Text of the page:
SlideI suppose it all started when I was even smaller and we used to play on the slide in the park. It was a very high slide, built a bit like the watch towers at a prisoner of war camp. There was a wooden platform surrounded by wooden planks that were too high to see over unless you were at least seven, and the slide itself was taller than our parent. We went down it forwards, backwards, tummy side down or up, in pairs (although not all of those things at once). Sometimes the slide was not very slippery so we greased it with butter (or marge, in extremis) to make ourselves go faster. We took it in turns to steal the butter for home.

There was a crater at the end of the slide where we all shot off and landed, occasionally feet first. If it was raining it turned into a large, muddy morass, and landing in that was definitely too slimy for words, so on wet days you had to be able to build up enough speed to jump over the crater as you came shooting off the end of the slide.

I cannot begin to tell you the trouble we got into for the state of our clothes.

And that, my dears, is why butter is bad for you.

Namaste.

The Spirit of Willy Woodthorpe

19890611Ashford Woodthorpe Road School5Recently the daily prompt at WordPress asked me to write a memorial to part of my childhood that had been destroyed.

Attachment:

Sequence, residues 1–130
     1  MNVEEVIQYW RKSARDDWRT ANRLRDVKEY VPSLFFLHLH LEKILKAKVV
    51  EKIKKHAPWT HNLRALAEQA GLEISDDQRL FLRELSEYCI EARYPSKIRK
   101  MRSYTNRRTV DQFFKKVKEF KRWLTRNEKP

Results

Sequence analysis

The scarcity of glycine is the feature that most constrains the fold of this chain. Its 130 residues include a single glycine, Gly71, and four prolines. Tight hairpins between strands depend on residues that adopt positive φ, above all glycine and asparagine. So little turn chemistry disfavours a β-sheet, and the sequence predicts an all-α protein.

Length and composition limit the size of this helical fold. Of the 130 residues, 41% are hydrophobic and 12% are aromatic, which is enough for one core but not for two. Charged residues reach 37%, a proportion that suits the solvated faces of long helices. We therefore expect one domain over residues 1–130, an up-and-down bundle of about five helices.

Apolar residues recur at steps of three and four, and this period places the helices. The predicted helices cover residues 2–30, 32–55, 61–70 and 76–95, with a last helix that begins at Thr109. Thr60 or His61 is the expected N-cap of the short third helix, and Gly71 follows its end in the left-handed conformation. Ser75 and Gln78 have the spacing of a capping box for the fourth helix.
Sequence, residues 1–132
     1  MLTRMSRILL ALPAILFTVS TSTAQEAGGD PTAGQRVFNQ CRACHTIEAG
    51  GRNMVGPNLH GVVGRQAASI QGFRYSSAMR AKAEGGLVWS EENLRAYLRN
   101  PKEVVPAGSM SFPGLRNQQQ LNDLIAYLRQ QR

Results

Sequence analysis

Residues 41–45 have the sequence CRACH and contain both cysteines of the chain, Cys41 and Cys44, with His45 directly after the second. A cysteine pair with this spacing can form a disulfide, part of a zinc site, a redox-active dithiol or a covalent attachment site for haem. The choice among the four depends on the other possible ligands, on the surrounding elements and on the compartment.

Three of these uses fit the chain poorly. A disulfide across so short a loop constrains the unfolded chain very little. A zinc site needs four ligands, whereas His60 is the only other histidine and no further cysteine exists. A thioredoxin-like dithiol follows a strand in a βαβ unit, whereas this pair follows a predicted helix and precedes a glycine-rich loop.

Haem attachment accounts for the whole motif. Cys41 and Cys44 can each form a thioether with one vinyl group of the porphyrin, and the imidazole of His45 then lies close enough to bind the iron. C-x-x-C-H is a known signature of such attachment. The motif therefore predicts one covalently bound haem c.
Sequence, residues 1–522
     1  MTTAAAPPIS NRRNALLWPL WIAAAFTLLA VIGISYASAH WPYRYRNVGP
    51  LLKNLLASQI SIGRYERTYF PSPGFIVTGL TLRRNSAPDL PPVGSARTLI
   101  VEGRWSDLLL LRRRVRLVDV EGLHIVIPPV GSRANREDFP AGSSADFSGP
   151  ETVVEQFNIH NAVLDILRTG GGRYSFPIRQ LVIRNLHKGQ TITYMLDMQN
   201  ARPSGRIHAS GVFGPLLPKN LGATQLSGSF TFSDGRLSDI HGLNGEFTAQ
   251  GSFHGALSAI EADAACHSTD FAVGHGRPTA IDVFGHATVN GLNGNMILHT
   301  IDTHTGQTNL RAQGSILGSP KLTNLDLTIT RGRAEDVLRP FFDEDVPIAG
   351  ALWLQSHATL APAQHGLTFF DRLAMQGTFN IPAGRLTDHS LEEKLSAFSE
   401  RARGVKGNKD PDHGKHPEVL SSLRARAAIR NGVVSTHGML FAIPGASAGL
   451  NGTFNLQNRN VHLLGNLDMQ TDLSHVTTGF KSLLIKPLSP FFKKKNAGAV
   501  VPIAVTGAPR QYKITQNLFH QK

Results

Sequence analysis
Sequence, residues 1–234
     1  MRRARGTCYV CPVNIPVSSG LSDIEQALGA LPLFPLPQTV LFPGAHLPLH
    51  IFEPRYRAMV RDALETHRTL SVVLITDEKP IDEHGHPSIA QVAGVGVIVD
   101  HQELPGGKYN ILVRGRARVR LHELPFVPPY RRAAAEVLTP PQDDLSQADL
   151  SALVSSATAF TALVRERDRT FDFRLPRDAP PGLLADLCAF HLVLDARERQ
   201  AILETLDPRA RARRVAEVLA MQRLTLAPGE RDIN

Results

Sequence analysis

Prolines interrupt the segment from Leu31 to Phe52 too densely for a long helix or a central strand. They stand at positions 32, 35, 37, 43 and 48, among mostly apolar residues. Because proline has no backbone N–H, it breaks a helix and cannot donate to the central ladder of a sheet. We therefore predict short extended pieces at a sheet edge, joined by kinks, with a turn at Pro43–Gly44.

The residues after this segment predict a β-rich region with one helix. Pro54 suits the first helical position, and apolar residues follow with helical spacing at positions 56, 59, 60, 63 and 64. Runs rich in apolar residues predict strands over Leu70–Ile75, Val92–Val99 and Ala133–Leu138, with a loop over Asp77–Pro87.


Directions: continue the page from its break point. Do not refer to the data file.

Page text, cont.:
It’s not fashionable to admit liking school. Sometimes anti-intellectualism goes too far, and so I am here to tell you that school was happy for some of us, at least some of the time.  My secondary school was horrible, but primary – well, I lived in heaven for several years, my dears. I told you about one of my teachers there the other day. The fantastic Mr B.

It wasn’t just Mr B though; it was the school itself. It wasn’t Hogwarts (if Hogwarts ever had a prep school, which it didn’t, but never mind), with Houses and homework and ghosts – although allegedly there was a ghost in our classroom. I think Mr B made him up, but you can’t be too careful about these things. The ghost lived in the roofspace over our classroom; you see that big arched window in the main building? That was our classroom, and Willy Woodthorpe, the ghost, lived above it.  At the end of the day, when we were getting giddy, Mr B would sit us down and play his version of Sleeping Lions. We had to sit at our desks and not smile or giggle. Meanwhile he stalked among us, telling us about Willy Woodthorpe and making silly faces and noises until we cracked. The last one to laugh won.